How to Make Shopping in the Mall with Grandchildren of All Ages and Sexes a Pleasurable Experience

MallWhen our daughters were small, they hated going shopping with me.  It was a chore for them to accompany me, even if it was for clothing for them.  Even toy shopping was met with groans and complaints that I did not need them with me when I had a list.  I was surprised, as I then expected them to enjoy shopping as much as I did.  After all, they were girls and this was the early 1980’s when shopping was a woman’s job.  Even though I was a professional working woman with little free time, shopping was an enjoyable avocation for me.  Mall walking was also an acceptable form of exercise, when going the gym was not yet in vogue. But, because I was a working mother, I was loath to leave the children on the weekend to shop, the only extended time for “quality” time per week I had to spend with the children.

Then, I had an idea.  I knew I had to make going shopping with mother a game.  I told the children that we were going to search for the ugliest thing in the mall and see who would win the contest.  This Grandma originally thought it would expand the time we needed to spend and would make it difficult to actually shop, however, it turned out the game worked better than I anticipated.  The game expanded through the increasing ages, interests, and ingenuity of our daughters to try to find more and more ways to describe the ugliest items in elaborate and detailed flattering terms.  What surprised us was how much ugly there was to describe!

My daughters and I laugh about one specific experience still.  We remember the one incident where we stood in the entryway of an exclusive designer store before a mannequin draped in a full length sequined mermaid evening dress in swirls of chartreuse, emerald green, and bright orange with more sequins and feathers of those colors flared out around the bottom third.  All three of us exuberantly commented favorably upon every aspect of the dress, louder and louder, each trying to outdo each other with the praise we heaped on this monstrosity.  We gathered an audience of two well dressed middle aged women who started staring at the dress.  Of course, it just gave us more impetus to continue to compliment the dress.  Within minutes, one woman turned to the other and said that she must try on this gorgeous dress, and they proceeded into the store.  After they were out of earshot, the three of us proceeded to laugh hysterically.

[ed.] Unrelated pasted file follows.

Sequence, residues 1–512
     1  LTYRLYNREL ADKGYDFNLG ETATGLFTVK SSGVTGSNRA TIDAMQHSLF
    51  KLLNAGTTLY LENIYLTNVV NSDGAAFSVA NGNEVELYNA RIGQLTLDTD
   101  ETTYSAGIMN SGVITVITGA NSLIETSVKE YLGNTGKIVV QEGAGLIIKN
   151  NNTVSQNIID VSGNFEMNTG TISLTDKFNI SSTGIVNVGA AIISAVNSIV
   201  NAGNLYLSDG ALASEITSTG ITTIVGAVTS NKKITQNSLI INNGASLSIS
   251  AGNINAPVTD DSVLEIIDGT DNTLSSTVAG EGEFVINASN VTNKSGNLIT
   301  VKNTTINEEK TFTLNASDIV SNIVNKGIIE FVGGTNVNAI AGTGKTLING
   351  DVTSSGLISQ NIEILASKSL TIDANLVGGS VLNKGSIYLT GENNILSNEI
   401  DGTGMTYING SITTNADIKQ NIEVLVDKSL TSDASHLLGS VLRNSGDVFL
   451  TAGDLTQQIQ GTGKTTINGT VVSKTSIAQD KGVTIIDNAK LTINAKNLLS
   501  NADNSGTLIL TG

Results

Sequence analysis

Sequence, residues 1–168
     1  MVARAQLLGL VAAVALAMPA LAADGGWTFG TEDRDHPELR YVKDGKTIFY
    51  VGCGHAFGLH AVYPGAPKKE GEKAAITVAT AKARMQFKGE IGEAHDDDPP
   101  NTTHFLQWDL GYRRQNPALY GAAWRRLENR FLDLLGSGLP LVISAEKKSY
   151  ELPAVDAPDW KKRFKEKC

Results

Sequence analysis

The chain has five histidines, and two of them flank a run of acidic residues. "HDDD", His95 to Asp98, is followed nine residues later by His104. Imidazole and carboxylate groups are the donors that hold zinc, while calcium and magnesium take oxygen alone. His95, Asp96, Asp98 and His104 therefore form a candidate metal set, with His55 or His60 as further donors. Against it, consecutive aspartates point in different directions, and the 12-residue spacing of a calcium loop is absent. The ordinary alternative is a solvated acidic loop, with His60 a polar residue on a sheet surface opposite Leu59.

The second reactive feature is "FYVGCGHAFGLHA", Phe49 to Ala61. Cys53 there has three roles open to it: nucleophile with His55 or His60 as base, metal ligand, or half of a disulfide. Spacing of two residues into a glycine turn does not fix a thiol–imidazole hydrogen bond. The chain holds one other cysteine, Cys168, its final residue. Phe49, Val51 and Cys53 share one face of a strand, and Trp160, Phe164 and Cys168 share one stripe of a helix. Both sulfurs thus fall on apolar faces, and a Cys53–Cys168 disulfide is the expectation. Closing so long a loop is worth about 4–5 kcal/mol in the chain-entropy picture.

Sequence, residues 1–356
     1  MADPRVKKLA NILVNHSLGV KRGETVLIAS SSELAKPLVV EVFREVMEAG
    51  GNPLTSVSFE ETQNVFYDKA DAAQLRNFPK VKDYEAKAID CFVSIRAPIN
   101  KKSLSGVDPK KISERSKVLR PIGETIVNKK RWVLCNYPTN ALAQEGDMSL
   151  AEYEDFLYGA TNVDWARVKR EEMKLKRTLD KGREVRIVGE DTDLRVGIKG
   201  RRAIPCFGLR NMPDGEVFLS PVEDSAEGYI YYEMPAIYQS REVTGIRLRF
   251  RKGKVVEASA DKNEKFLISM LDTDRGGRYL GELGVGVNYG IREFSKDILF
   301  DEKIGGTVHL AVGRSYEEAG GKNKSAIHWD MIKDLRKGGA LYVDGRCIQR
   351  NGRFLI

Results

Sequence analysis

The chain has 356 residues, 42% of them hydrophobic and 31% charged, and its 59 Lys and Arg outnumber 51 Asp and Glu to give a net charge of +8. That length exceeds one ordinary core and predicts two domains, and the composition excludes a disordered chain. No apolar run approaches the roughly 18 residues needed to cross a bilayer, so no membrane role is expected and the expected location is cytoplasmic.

Now, I use the same game with the grandchildren.  We love looking for the ugliest item in the mall.  It is so much fun.  Yes, there is still so much ugly to find and compliment.  That is how I found out that my professional working daughters continue this family ritual with their children.  Yes, the grandchildren shared the secret with me.  We all want to repeat the experience above my daughters and I shared and now have shared with the grandchildren.  All of us cannot wait for someone again to be convinced that our ugly is their beautiful.

This grandmother has only one granddaughter, who also hates shopping.  But, soon to have five grandsons, I have found one grandson who loves shopping.  Unlike with the other grandchildren, I do not even have to bribe him with the game to go to the mall anymore.  He is ready and willing to shop at any time.  I adore that he is an expert at the game of searching for the ugliest item and is getting proficient at describing ugly in the most elaborate flattering terms.

Thus, during this holiday season, when we try to get our grandchildren away from electronics for a time, even if it is only to get to a mall for holiday shopping, try the game.  It also works in the supermarket with unappetizing food choices, although offering to buy a box of cookies of grandchildren’s choice works even better.  I clearly have learned that an enjoyable shopping search for ugly spans all ages and sexes. It might turn into a ritual for your family too.  And, at the least, we grandparents get to mall walk for exercise, so long as any malls remain!

Happy Holidays!

 

Joy,

 

Mema

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